US navy destroyer USS Porter damaged in collision in Strait of Hormuz | World news | guardian.co.uk

A US navy guided-missile destroyer was left with a gaping hole on one side after it collided with an oil tanker early Sunday just outside the strategic Strait of Hormuz.

The collision left a breach about 10 feet by 10 feet (three by three meters) in the starboard side of USS Porter. No one was injured on either vessel, the navy said in a statement.

The collision with the Panamanian-flagged and Japanese-owned bulk oil tanker M/V Otowasan happened about 1am local time. Photos released by the navy showed workers standing amid twisted metal and other debris hanging down from the hole.

via US navy destroyer USS Porter damaged in collision in Strait of Hormuz | World news | guardian.co.uk.

I’ll leave it to Jay to discuss finer points of the rules of the road, but suffice it to say that if you get hit starboard side forward, there’s a pretty good chance you’re at fault.

US navy destroyer USS Porter damaged in collision in Strait of Hormuz | World news | guardian.co.uk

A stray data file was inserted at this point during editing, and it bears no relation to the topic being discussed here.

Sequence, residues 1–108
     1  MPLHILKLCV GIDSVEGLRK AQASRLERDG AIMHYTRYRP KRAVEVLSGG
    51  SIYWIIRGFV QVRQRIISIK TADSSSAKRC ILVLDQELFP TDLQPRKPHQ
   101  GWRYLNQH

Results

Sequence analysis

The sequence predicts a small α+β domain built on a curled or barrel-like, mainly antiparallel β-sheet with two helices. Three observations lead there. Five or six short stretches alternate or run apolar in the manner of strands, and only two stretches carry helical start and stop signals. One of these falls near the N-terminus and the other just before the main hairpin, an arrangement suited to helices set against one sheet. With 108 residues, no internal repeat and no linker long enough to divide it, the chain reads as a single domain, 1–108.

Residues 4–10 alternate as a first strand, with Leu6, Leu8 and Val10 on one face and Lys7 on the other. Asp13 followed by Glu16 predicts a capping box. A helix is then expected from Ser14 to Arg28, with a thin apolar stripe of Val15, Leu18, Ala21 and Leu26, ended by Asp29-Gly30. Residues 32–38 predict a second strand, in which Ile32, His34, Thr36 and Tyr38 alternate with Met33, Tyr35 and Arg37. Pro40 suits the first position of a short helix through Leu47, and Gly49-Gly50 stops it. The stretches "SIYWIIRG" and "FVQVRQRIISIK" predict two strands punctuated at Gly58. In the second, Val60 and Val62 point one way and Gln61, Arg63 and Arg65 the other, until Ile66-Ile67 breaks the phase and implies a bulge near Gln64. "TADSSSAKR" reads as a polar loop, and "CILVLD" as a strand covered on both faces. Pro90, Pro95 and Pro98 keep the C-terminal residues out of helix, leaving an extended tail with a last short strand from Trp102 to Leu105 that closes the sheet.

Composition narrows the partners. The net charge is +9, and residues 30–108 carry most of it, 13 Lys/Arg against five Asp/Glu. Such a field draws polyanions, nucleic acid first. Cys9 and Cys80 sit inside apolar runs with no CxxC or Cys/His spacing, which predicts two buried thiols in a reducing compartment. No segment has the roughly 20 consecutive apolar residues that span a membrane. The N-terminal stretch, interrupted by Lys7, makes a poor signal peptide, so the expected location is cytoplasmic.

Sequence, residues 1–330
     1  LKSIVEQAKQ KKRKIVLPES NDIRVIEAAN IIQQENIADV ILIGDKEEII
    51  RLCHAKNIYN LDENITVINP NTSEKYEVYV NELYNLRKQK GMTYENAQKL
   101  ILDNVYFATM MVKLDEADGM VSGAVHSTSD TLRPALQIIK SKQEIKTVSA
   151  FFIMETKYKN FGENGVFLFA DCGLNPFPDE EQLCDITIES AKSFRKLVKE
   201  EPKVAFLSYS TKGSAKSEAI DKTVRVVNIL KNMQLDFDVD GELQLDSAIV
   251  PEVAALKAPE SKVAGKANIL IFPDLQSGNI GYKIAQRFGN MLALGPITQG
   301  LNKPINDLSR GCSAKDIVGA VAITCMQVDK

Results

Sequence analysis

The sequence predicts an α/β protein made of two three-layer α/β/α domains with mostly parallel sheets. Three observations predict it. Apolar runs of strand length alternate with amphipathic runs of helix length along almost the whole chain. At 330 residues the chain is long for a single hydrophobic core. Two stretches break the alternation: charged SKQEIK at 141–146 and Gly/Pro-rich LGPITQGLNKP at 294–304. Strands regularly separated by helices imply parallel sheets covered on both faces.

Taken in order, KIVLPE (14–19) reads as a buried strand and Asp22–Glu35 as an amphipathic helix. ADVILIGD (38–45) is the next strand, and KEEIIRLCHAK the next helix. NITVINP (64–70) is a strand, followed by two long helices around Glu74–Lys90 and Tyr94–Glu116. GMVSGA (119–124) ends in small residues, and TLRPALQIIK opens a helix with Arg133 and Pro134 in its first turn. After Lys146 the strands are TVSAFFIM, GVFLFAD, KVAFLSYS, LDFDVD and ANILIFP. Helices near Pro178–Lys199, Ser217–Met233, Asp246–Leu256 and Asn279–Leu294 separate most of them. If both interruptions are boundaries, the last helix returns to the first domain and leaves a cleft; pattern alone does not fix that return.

8 thoughts on “US navy destroyer USS Porter damaged in collision in Strait of Hormuz | World news | guardian.co.uk”

  1. DId they have a copy of COLREGs on the bridge?
    Ref for the non-OOD qualified: Section II (for vessels in sight of one another)

    15. Crossing situations
    When two power-driven vessels are crossing, the vessel which has the other on the starboard side must give way and avoid crossing ahead of her. The saying is “If to starboard red appear, ’tis your duty to keep clear”.

    108,000 shaft horsepower, controllable pitch propellers, International traffic separation scheme, and CIC to back you up, and you let a tanker French-kiss your starboard side right in front of the bridge?

    My prediction: New job openings after the JAGMAN investigation.

    1. No deaths, at least. My former DivO on Courtney drove Belknap into the JFK. 6 men died on that one and both CO and OOD went to Court Martial over that one. I lost track of the OOD after the Court was announced.

      I hope the QMOW was keeping the log well and the CICWO, Lookouts, and the BMOW were screaming bloody murder. For their sake, if not anyone else’s.